In Keys-land MIDI is very rigid. Note on/off messages are used to emulate a keyboard, CC messages are tied to very specific functions (sustain pedal, sostenuto, volume, pan, and expression being a few), with spare numbers available to map to any other parameters the manufacturer wants to include.
In Pedal-land it’s a bit different. CC messages are generally assigned to whatever the manufacturer has deemed most straightforward, and the way modes and features are switched on and off is left up to the creativity of the development team. There is almost no consistency across different brands.
Pedals have historically had a much smaller and simpler user interface than synthesisers and keyboards with only a few knobs and buttons and (very rarely) a screen. Synthesisers often had the luxury of some kind of display, lots of knobs and buttons, and lots of labels, so it makes sense that it had to be different for effects pedals.
To learn how your pedal uses MIDI you usually need to watch a YouTube video, or crack the user manual and check out the “MIDI Implementation” section which will have a table of the MIDI messages and how they’re mapped to each knob or mode or function.
The more complex MIDI-controllable multi-effects units like Helix, Axe-FX, and QuadCortex usually have a small number of commands in this table. For the many remaining parameters they allow the user to set a MIDI CC number or PC number, and then when you send that CC or PC, that parameter that you chose will be modified. It’s really flexible, but requires a confidence with MIDI that some beginners lack.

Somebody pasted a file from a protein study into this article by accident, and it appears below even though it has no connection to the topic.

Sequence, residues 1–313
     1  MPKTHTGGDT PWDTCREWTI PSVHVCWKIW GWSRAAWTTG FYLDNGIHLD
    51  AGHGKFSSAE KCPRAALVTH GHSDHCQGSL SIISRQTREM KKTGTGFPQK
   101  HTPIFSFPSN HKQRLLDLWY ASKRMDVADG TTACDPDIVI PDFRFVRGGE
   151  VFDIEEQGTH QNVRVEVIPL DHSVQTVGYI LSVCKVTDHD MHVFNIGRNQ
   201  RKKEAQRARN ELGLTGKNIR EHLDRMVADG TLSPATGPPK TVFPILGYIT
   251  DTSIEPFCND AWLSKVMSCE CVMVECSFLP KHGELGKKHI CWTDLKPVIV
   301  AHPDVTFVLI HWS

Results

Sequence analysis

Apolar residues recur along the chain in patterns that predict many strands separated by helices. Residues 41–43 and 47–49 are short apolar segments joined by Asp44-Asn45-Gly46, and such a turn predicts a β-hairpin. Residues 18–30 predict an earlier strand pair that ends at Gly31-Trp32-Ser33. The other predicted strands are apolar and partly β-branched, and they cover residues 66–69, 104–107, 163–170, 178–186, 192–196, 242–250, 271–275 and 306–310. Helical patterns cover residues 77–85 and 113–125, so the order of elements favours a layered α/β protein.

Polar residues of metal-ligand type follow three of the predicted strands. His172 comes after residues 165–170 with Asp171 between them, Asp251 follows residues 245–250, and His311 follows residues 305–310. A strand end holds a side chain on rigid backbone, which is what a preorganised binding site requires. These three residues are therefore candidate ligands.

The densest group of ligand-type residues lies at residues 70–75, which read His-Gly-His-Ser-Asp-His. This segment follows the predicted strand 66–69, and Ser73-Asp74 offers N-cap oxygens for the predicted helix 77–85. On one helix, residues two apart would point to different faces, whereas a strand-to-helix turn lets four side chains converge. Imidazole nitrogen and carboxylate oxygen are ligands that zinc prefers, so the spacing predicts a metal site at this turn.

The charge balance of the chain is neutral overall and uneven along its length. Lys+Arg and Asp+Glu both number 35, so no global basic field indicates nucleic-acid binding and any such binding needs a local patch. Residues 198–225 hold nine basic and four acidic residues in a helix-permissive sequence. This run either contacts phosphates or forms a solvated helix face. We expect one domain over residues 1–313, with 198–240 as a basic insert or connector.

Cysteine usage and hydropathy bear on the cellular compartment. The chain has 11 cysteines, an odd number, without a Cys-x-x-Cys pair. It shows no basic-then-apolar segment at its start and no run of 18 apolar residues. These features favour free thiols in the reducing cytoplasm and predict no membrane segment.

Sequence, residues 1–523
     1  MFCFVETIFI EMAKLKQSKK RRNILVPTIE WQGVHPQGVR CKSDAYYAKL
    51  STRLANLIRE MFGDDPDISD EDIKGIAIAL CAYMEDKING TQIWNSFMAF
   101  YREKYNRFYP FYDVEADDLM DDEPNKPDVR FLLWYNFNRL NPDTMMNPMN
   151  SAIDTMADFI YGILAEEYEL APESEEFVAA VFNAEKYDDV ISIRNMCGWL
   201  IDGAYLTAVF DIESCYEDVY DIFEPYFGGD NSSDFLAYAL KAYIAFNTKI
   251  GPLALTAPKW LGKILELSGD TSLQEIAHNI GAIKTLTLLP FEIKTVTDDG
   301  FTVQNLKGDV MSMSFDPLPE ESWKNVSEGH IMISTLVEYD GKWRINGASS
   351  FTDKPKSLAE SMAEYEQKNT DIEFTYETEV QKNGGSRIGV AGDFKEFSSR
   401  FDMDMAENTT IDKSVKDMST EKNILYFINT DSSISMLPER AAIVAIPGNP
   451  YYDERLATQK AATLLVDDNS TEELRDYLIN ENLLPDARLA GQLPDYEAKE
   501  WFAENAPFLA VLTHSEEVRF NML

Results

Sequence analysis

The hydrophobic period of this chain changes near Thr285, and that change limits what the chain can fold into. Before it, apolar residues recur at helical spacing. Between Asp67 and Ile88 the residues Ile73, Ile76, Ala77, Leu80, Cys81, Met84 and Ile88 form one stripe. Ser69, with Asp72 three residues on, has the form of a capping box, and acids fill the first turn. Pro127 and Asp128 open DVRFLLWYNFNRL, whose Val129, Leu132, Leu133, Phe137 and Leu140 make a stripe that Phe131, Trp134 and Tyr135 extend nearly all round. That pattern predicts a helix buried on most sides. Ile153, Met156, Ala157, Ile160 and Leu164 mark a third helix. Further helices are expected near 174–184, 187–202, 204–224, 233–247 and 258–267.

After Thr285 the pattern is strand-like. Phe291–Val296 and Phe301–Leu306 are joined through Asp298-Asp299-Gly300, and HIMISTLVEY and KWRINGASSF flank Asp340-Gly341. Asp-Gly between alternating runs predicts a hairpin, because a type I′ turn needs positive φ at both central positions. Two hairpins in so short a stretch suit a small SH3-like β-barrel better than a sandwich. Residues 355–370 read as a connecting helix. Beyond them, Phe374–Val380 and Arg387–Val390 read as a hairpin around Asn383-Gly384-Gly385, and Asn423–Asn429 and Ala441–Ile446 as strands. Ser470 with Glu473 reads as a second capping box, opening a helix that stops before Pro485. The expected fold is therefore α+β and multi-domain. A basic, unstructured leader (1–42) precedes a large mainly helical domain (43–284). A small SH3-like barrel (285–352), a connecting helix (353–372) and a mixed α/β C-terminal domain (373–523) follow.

PIRATE MIDI’s Contribution
We have been using MIDI for many years, and we have used it as keys players, guitarists, and sound engineers. The potential for simplified gear and effects rigs is enormous but the learning curve can be a little steep for some people.
In 2020/21 we released our first MIDI controllers to the world with great success and community support. Our aim was (and still is) to create devices that make MIDI easier so that you can think less, and create more.
The Device Library
On top of making our hardware as user friendly as possible, we also made sure that working with MIDI messages in our Web Editor is as easy as possible. For those devices that have MIDI commands listed in the back of their user manual, we spent almost a year entering those commands into a database so that you don’t have to open the manual. We call it our Device Library. Just add a new message from our Device Library, select your device and the command you want to send, and the MIDI data is entered behind the scenes.
MIDI is an incredibly powerful tool in the world of music, allowing musicians to connect different electronic devices together and create complex musical arrangements in real-time. By understanding how MIDI messages work, musicians can unlock a new level of creativity and flexibility in their performances and productions. So whether you're a beginner looking to set up your first MIDI rig, or a seasoned pro looking to explore the latest MIDI advancements, understanding the fundamentals of MIDI is an essential step in your musical journey.